Treehotel currently has four rooms available (with plans for more in the coming months), including the Bird’s Nest, which looks and functions essentially exactly like it sounds. Perhaps the most eye-catching so far is the Mirrorcube, the brainchild of Tham & Videgård Architects (each room is designed by a different prestigious architecture firm). Constructed of aluminum and wood, the Mirrorcube’s reflective walls are designed to fit in with its surroundings and to essentially be invisible, with infrared film embedded to make it visible to birds, naturally.
     Throughout the different cabins no eco-friendly detail has been spared, including incineration toilets. The Lindvall’s pet project is an equally enticing vacation spot for style mavens, ecotourists, and people that just really miss their childhood treehouse. As Britta explains it, “Perhaps we’re a little crazy but it helps — if not, we would never have got started.”

Art, Design, Events July 29, 2010 By Nalina Moses

Masdar Development, city plan. Foster + Partners.  2007; expected completion 2018. Rendering: Foster + Partners. Images courtesy of Cooper Hewitt. (Click images to enlarge)

Masdar Development, city plan. Foster + Partners. 2007; expected completion 2018. Rendering: Foster + Partners. All images courtesy of Cooper Hewitt.
(Click images to enlarge)

whydesignow Why design now?
The vibrant collection of objects on display now through January 10 at Why Design Now?, the Cooper-Hewitt’s National Design Triennial, answers that question quite simply. Design matters because absolutely everything in our environment, from our eating utensils to the cities we live in, is designed, and the materials and methods with which they’re produced have a powerful impact on our culture and the environment.
     Appropriately, the curators have included objects of every scale. The show includes drinking glasses with grip-like profiles to aid those with limited manual abilities, and renderings for Masdar, a new remote desert city in Abu Dhabi that will be the world’s first isolated, self-sustaining, zero-energy community.
     The exhibit projects a curious ambivalence about technology. Some of the high-tech artifacts included, like the iPod, the Kindle, and twitter, have already become seemlessly embedded in our lives. They’re advanced, but commonplace. Other high-tech objects seem to belong to a distant, Jetsons-like future. There’s a giant, rotating dish-shaped solar collector with gleaming mirrored facets, and plans for a communal electric car system that would allow city-dwellers to borrow and deposit vehicles at designated stops.

Design, Greenspace June 15, 2010 By Jeanette Wyche

Images courtesy of (Click to Enlarge)

Images courtesy of (Click to Enlarge)

wasara title WasaraSophistication and sustainability are not words commonly associated with disposable dishware. But the Japan-based company Wasara has developed a product that takes the mind far away from the uninspired aesthetics of family barbecues and children’s birthday parties — not to mention, the nagging guilt over environmental waste — conjured up by your everyday paper plate.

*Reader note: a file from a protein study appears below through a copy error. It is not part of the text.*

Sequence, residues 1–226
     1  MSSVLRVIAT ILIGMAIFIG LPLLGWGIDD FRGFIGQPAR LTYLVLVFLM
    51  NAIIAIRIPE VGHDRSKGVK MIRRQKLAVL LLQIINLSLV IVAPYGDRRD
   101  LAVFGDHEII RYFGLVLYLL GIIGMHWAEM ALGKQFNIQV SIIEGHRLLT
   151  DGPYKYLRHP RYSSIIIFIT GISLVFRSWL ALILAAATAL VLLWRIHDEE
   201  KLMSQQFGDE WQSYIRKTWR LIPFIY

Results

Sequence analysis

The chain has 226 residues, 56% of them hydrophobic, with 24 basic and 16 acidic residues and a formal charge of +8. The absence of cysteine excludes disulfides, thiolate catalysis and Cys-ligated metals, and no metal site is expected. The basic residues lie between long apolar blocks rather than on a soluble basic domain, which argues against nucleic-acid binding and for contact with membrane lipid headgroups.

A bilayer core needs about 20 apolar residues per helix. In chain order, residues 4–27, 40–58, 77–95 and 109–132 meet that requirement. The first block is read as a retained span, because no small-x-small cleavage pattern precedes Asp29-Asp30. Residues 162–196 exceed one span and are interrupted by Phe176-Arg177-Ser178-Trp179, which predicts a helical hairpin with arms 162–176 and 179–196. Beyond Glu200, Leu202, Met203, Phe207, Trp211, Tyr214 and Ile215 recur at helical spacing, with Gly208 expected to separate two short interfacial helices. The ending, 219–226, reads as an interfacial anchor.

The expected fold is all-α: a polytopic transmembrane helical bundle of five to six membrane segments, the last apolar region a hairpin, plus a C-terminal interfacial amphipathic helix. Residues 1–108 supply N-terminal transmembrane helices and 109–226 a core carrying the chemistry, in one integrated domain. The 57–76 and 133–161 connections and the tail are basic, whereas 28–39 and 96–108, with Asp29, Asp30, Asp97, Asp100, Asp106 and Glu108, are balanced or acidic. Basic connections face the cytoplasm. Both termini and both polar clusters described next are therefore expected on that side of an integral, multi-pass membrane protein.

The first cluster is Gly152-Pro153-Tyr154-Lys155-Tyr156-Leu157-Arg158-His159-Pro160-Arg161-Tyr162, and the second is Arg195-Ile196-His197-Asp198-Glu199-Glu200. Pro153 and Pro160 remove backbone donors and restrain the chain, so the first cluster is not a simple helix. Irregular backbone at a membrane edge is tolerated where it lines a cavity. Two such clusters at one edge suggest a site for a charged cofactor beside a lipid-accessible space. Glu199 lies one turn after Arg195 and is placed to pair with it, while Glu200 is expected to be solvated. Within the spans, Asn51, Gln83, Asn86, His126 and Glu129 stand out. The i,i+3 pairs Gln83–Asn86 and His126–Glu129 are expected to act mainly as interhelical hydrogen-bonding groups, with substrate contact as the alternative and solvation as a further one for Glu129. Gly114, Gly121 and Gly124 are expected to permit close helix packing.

Wasara’s collection achieves the critical goals of modern design with a product that offers style, function, and sustainability. The sleek, all-white pieces transform into veritable works of art when stacked on top of each other. The collection includes a variety of plates, bowls, cups, and mugs. The multiple forms accentuate each individual food item, emphasizing the significance of each part of a meal. The unusual curvature and soft, natural texture allow for the plates to rest comfortably in one’s hand, bringing an ease to socializing while enjoying a meal.
     The collection’s noteworthiness, however, does not solely stem from its outward appearance. The dishware is made from reed pulp, bamboo, and bagasse — a byproduct of the sugarcane industry. Reed and bamboo are both quickly-regenerating natural resources; the manufacture of Wasara tableware thus avoids the ecological impact of traditional, wood-based paper manufacturing. Bagasse, which often is discarded, is recycled. The resulting tableware is completely biodegradeable. Once discarded, Wasara simply returns to nature.

Design May 31, 2010 By Roxanne Fequiere

Tree: copyright Simon Heijdens and slowLab

Tree: copyright Simon Heijdens and slowLab

slowlab title slowLabThough the pithy proverb of The Tortoise and the Hare entered our collective cultural lexicon long ago, the increasingly rapid digital age has made it somewhat difficult to believe that slow and steady can triumph in any endeavor. For an organization like slowLab, however, taking first place in any competition is merely tangential to a much broader goal. Dedicated to promoting slow design and the six principles it embodies — to reveal, expand, and evolve while encouraging viewers to reflect, engage, and participate — slowLab is the brainchild of director Carolyn Strauss. Founded in 2003, the slowLab prototype focused on slow dialogues, or public discussion forums that elaborated on the notion of “reflecting more, reacting less”.